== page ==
I'm thinking plenty of people may have missed the Jo Brand programme on Vera Brittain this afternoon because of a BBC rescheduling. We only caught it by chance because we'd lit the fire and had planned to have a lazy TV afternoon and evening after this morning's local Remembrance muster, more of which on Armistice Day which will be the final day of this year's Remembrance Read.
Points of View, now looking like a much more serious affair with Jeremy Vine at the helm made reference to the poor BBC scheduling of Little Dorrit and it has certainly left me flummoxed and out of the loop with the series which I was so looking forward to. Then Jeremy suggested we might all enjoy the programme to follow on Vera Brittain, which of course we'd just watched.
Anyway food on laps and pots of tea and suddenly there was Jo Brand.
If you did miss it and can catch it on Iplayer it's worth it because I felt it offered such good explanations for the woman that Vera Brittain became. The losses built up to almost unbearable proportions as one by one the men closest to her were either slaughtered in the trenches or died later of injuries sustained in battle and Jo Brand pulled together all the various strands with clarity as she spoke to Vera's daughter, Shirley Williams and her biographer Mark Bostridge. Interspersed with scene re-creations which worked well in this context and added huge impact to the moment when Vera heard of Roland's death.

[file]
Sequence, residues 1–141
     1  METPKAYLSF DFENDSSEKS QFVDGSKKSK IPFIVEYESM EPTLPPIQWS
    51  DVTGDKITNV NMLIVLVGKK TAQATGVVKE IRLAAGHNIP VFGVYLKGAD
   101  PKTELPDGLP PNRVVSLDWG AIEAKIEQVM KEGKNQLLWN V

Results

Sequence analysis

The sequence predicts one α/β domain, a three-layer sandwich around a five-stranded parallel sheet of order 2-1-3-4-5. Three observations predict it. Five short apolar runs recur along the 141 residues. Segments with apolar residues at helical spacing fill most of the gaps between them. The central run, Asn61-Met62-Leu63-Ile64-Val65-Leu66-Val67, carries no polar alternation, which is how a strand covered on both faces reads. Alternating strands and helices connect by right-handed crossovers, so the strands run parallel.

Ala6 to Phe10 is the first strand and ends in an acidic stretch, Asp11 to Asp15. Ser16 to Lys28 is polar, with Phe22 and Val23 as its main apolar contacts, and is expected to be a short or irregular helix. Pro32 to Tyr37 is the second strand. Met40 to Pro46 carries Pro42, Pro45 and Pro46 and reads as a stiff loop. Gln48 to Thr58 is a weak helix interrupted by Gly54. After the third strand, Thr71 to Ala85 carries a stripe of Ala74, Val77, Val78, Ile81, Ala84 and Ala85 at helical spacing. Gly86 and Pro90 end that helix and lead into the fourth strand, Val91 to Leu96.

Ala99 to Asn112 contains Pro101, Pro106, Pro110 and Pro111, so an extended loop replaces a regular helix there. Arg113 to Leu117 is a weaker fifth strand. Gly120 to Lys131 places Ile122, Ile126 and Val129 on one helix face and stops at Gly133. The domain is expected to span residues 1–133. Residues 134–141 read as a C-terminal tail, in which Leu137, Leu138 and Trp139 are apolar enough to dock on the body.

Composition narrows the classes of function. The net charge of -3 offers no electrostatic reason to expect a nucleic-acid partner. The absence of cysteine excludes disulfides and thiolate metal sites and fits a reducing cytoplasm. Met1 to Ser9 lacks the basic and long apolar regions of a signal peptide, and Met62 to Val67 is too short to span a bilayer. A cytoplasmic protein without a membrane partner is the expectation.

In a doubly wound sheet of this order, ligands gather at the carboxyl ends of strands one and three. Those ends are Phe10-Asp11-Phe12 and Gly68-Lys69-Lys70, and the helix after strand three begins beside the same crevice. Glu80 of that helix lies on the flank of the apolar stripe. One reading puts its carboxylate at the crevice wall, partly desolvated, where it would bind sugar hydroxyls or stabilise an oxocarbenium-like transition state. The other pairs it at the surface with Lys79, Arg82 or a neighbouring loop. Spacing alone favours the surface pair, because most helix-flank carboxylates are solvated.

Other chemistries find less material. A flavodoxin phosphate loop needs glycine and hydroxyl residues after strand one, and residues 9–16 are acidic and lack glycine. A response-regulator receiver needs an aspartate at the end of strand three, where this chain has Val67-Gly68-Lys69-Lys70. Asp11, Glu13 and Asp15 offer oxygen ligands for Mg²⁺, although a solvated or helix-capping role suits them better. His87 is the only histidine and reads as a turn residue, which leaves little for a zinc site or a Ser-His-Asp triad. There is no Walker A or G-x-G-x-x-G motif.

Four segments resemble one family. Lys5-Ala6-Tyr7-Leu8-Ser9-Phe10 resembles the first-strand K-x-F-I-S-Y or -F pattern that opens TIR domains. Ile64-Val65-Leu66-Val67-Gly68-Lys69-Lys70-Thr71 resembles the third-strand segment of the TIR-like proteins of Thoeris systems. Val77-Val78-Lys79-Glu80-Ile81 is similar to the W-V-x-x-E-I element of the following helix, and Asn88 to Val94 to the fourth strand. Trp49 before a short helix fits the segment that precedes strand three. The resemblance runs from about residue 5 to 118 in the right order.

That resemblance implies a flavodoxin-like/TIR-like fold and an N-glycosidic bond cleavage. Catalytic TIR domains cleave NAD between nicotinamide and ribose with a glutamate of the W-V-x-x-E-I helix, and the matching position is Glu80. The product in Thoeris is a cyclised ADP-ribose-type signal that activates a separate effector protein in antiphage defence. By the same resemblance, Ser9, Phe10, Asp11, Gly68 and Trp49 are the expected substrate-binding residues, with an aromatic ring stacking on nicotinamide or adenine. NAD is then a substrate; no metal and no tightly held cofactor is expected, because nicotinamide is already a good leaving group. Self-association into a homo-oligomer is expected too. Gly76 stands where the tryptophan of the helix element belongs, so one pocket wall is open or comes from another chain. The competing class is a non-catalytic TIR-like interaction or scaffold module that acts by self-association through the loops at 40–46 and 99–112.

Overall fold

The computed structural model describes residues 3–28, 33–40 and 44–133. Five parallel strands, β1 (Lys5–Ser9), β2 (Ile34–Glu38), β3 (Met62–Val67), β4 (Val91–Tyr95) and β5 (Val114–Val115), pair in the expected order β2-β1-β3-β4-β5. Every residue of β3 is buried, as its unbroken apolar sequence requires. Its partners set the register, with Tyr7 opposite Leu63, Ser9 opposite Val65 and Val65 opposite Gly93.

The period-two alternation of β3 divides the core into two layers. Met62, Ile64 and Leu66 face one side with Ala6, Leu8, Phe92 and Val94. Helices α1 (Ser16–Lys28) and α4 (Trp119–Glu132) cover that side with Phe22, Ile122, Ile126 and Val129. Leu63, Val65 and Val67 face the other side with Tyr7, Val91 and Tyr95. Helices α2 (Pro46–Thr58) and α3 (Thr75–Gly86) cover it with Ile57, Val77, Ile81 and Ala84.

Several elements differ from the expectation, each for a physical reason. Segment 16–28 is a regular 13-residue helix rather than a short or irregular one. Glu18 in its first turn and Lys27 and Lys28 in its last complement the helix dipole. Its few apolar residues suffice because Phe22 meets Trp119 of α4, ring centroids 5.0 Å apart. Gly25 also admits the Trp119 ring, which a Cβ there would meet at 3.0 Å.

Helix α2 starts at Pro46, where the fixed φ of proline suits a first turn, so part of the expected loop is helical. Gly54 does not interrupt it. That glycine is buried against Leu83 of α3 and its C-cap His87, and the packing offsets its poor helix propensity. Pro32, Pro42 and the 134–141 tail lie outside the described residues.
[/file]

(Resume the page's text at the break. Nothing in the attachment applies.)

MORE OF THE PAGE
Last night's Festival of Remembrance also excelled for its much upgraded content, no more PE teams vaulting over horses, this was Katherine Jenkins, Blake, Russell Watson and some very jazzy Royal Marines band-playing all linking into footage of the troops now serving in Iraq and Afghanistan.
The poppy petal drift was as emotional as ever and all in all I think we continue to honour the promise
'at the going down of the sun and in the morning we will remember them' with huge gratitude, pride and sincerity.